I blogged about Veterans Day four years ago. Uncle Nev’s in that one too.
Two powerful songs for Veterans Day:
My father was a WW II vet and a vehement opponent of the Vietnam war even though he was an enlisted man in the army from 1944 until 1969. He was opposed to our invasion of Iraq, too, although he supported the first Gulf war and military intervention in Afghanistan. I cannot stand the knee-jerk patriots who think that military personnel are mindless ‘bots who do their leaders’ bidding without thoughts or opinions of their own and who need the citizenry they serve to be equally mindless “supporters” of whatever the daily dish hands down. Duty means you suck it up and follow lawful orders. It doesn’t mean you stop thinking for yourself.
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So well said. Thank you, Nora. I recently read Emma Sky’s The Unraveling: High Hopes and Missed Opportunities in Iraq. It’s an important, eye-opening book in so many ways. She, a British civilian fluent in Arabic and with extensive experience in the Middle East, became the political adviser to several U.S. generals in Iraq. She shows the courage, intelligence, and dedication that went into trying to follow those lawful orders — orders that were often formulated by civilian leaders with an at best imperfect understanding of what was going on. It’s a reminder that our duty as civilians in a country where the government is supposed to be accountable to the citizenry is to bring pressure to bear on those issuing the orders. “Support our troops” and the often equally simplistic “bring them home” aren’t enough.
You write with the right mix of emotion and lucidity about war and Veterans Day. I agree with you on every point. I am too young for the Vietnam War but do know a lot about WWII because I grew up in Normandy, France. It is always with great respect that I pay tribute to the men (There are now very few still alive) who fought on my native land for the freedom I got to enjoy.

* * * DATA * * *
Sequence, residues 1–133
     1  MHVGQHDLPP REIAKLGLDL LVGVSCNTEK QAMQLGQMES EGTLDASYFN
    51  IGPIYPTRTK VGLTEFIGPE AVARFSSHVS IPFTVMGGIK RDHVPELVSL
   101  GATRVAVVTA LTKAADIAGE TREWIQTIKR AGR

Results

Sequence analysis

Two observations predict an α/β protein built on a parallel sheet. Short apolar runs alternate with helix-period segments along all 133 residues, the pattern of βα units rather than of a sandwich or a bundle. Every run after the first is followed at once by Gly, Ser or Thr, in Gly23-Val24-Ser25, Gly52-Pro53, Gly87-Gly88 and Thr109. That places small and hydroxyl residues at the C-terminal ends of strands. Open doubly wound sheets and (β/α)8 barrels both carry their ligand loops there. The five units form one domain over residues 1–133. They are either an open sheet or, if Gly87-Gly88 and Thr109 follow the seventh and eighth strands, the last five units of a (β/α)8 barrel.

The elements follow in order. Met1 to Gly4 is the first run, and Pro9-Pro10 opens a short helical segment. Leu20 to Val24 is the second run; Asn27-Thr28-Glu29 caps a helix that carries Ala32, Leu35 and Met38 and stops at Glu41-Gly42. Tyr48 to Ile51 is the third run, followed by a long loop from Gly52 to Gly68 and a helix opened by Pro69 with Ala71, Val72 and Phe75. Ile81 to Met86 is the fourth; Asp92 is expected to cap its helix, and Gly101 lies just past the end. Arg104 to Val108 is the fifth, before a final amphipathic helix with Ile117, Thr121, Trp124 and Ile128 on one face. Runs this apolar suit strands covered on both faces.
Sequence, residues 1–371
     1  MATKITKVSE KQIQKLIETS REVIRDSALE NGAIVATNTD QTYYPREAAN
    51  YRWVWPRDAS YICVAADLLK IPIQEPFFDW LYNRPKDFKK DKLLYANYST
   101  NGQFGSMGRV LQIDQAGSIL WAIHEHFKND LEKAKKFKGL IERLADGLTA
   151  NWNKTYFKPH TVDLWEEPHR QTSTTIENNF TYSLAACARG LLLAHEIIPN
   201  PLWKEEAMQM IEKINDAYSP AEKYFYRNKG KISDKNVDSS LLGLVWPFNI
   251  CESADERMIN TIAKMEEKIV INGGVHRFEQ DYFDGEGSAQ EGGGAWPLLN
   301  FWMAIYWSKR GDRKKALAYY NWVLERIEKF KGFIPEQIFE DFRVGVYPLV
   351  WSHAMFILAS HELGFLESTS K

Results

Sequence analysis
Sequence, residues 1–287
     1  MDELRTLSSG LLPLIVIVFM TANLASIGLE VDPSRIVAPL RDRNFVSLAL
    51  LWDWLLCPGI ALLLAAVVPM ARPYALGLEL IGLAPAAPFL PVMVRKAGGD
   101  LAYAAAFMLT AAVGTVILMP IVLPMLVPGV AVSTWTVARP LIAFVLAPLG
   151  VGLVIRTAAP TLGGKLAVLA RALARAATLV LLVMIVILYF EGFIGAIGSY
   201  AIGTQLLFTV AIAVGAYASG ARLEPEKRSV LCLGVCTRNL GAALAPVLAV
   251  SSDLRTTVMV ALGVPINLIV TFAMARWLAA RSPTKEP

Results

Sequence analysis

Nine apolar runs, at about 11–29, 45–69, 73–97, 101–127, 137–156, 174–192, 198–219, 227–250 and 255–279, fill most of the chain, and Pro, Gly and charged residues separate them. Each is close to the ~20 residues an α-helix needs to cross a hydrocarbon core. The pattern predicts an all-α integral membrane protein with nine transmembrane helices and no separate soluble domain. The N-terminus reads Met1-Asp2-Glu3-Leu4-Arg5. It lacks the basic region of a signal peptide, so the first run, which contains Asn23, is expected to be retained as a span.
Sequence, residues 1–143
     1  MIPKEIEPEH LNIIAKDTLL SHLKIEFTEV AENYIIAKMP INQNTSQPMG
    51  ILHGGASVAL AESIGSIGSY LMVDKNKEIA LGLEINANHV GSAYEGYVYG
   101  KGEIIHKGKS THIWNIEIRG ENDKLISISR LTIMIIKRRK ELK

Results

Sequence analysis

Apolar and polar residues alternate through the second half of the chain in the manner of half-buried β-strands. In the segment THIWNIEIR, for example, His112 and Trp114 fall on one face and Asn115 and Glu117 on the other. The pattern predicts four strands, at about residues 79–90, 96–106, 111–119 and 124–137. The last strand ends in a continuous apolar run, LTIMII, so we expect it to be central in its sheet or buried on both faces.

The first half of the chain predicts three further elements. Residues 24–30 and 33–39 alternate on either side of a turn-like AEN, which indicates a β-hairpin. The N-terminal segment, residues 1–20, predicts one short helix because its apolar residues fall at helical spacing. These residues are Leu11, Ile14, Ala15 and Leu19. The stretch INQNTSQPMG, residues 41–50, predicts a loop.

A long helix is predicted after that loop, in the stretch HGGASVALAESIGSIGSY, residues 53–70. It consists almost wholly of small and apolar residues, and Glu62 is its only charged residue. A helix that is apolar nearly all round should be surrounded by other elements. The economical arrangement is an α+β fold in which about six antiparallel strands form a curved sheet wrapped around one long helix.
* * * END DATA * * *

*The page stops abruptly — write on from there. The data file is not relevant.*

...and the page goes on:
But I agree that wars don’t happen overnight. We should never watch on the other side and be surprised. Great post, Susanna.
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Evelyne, thanks for pointing this out. The U.S. experience was so different. There hasn’t been a war fought on U.S. soil since the Civil War. After the Secon World War (and the First as well), U.S. and Canadian troops could come home and leave the physical and economic devastation behind. They didn’t have firsthand experience of Nazi rule or Nazi occupation. At the same time, they’d endured and seen terrible things, things they had no words for and things their friends and family couldn’t understand and maybe didn’t want to hear.
After 9/11 the worst hysteria, the persecution and even killing of anyone who “looked Muslim,” didn’t happen in New York or Washington, where the devastation was visible and had to be dealt with every day. It happened hundreds and thousands of miles away. I think distance, geographical and/or temporal, encourages the slogans about fighting for freedom and “support our troops.” Dealing with the day-to-day realities leaves less energy for rhetorical excess.
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perfect. LOVE love love your posts………but this one especially. well written, well said. THANK YOU!!!
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Well said, Susanna……
Of course Veterans Day is not about the war it is about the soldier. Those individuals who were called by their country, for whatever reason, and responded with courage and valor. God Bless the Veteran.